Tuesday, September 29, 2009

New Orleans Vernacular: First Look

I've been drawing New Orleans for the past few weeks, getting a sense for the language of her architecture. I don't know of another city with such definitive TYPES.
I'm just drawing what I see, what I like, then arranging the fable streetscape. Looks like I need more Garden District houses, maybe more French Quarter too. I'll be sure to pick some up when I go there in a few weeks.

Friday, September 25, 2009

I would like to take you to the State Park.

SKIDAWAY ISLAND STATE PARK, that is. Inspired by Ken Burns' new documentary, The National Parks: America's Best Idea (from clips seen at the Concert in Central Park film I saw yesterday at the Telfair) I awoke this morning with a desire to hike, to climb a mountain like we used to do in Virginia. I chose the next best thing in Savannah and biked to Skidaway from Downtown through the cross-section of settlements from my house in the mid-1800s city...through the Victorian District and first streetcar suburbs ...through Ardsley Park and the original early 1900s "suburbs", watching fathers and mothers walk their children to school...
...enduring the mess of Southside sprawl, malls and multi-lane traffic arteries (which I did not photograph)...
...to the outskirts of the city where rural cabins mix with mid-century ranchers...
...then finally to the edge of the mainland, crossing bridges, island-hopping through the marsh...
...and onto the TRAIL to seek the treasures of the Southern Colonial Coast, including:
multi-dimensional spider webs,
dark, reflective swamps like eyes into a deep soul,
weathered sinews of a dead tree on the salt flat,
curtains of spanish moss,
a snake and one of millions of small fiddler crabs scampering sideways across the forest floor,
Shell middens, the dinner detritus of the natives,
Confederate earthworksthe writhing gnarly roots of a cedar at the water's edge,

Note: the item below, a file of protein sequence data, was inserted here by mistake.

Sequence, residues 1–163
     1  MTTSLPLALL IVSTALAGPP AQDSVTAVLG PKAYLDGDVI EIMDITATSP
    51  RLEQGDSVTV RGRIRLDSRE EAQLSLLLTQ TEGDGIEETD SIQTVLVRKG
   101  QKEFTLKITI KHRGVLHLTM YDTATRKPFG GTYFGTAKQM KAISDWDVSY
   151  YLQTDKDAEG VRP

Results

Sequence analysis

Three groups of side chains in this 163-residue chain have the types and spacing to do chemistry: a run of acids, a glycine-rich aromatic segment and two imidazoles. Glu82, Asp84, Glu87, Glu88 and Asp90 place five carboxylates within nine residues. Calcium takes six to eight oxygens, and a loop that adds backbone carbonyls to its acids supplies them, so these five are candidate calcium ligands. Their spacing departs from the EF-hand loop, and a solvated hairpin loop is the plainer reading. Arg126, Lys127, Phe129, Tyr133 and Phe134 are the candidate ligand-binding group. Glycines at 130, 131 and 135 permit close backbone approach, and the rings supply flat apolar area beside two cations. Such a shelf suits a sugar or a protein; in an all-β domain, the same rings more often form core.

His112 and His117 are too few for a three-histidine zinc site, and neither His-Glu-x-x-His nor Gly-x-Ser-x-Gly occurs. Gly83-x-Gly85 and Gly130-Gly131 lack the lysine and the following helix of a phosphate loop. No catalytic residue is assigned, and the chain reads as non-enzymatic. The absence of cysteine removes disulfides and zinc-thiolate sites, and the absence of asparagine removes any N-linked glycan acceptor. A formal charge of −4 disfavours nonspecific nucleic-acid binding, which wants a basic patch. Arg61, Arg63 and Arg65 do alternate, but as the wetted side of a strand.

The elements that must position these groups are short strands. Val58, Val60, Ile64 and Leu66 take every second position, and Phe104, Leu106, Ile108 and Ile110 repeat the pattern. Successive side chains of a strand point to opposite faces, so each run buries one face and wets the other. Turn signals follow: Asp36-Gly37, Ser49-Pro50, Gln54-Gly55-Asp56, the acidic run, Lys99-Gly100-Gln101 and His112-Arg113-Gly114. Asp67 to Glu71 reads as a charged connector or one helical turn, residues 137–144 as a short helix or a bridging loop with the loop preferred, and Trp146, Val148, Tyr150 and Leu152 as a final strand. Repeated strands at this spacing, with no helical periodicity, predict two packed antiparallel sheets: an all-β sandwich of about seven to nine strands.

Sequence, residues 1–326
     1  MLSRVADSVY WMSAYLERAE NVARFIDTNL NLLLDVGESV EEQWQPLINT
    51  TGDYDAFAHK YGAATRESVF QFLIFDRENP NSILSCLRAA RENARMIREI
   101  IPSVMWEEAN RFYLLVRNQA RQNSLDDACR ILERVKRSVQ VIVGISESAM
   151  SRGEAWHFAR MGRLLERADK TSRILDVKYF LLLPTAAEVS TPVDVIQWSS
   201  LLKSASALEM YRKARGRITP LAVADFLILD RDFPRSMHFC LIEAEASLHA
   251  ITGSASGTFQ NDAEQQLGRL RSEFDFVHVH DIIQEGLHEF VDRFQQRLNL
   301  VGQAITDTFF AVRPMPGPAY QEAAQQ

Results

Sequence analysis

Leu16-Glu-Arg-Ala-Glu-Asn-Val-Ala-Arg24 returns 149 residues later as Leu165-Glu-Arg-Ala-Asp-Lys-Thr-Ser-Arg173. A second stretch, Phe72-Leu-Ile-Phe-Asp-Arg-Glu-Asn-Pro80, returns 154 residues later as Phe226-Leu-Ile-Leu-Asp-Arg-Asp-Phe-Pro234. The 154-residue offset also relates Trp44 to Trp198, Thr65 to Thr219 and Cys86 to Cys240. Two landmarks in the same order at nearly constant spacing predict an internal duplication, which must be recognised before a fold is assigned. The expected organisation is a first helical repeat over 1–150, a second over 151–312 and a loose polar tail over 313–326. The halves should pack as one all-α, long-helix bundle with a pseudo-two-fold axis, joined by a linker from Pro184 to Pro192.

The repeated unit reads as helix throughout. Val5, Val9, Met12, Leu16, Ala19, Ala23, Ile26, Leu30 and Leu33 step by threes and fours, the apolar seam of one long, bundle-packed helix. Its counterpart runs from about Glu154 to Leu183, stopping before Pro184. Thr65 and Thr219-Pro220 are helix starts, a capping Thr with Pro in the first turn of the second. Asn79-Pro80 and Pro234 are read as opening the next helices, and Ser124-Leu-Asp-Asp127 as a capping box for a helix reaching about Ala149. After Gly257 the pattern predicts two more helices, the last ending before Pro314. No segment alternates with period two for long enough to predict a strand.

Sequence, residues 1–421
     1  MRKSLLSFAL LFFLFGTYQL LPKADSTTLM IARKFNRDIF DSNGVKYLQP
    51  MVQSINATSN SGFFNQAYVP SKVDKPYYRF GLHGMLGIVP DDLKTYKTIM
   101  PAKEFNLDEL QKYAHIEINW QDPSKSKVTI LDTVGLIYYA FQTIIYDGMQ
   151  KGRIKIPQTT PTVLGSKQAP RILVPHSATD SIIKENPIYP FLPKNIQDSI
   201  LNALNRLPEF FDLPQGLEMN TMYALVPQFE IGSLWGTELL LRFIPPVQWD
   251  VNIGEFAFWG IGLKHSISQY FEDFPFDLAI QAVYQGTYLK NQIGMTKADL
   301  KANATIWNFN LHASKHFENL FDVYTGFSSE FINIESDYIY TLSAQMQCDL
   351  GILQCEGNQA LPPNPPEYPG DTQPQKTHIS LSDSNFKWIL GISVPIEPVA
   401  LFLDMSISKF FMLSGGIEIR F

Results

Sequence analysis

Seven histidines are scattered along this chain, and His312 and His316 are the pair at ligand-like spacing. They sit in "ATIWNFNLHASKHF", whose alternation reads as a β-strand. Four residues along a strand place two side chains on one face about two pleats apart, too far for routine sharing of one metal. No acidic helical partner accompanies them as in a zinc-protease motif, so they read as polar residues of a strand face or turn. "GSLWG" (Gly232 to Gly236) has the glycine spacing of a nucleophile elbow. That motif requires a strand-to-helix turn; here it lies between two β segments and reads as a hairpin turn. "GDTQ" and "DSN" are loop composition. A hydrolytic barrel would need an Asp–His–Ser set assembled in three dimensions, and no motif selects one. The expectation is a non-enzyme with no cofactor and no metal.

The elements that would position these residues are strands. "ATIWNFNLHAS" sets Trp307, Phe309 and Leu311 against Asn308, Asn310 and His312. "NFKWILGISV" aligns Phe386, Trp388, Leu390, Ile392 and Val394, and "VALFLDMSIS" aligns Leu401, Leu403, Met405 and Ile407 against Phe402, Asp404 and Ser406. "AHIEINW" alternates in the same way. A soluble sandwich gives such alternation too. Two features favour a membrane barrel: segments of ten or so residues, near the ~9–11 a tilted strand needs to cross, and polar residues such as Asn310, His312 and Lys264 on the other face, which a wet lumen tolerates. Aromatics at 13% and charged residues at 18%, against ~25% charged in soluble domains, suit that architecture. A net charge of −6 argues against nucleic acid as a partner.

great diagrammatic drawings on the weathered interpretive signs,
and a Bonus: Bethesda Home for Boys, an historic orphanage I always wanted to see. I was drawn from the road upon seeing an old narrow road under a tunnel of branches which led me to this entrance and another alee beyond the arch.

When I returned home with a face that had faced the wind and sun (and traffic and imminent danger of fast 18wheelers and no road shoulders) and a hungry stomach, I decided to make my own food: 4 loaves of whole-wheat bread, the family tradition. I feel so rugged and resourceful.
Thank You, Ken Burns and John Muir and all the other Parks heroes.

Thursday, September 24, 2009

Postcards Remind

...me of my friends
...and how I need to visit them...
Unbeknownst to me, while I was posting this, my friend was calling me to ask me when I was coming to visit the farm.
And so - In a few weeks, I am off on a Southeast Road Trip: Arkansas, Alabama, Mississippi, Louisiana, and Florida. Looking for small towns and old buildings and, my friend.

Monday, September 21, 2009

Last Day of Summer

I had to pick up some drawings in South Carolina. I always want to stop at these roadside produce stands I see in the country. I did. The peaches are deeelicious.

Wednesday, September 16, 2009

I would like to take you to the County Records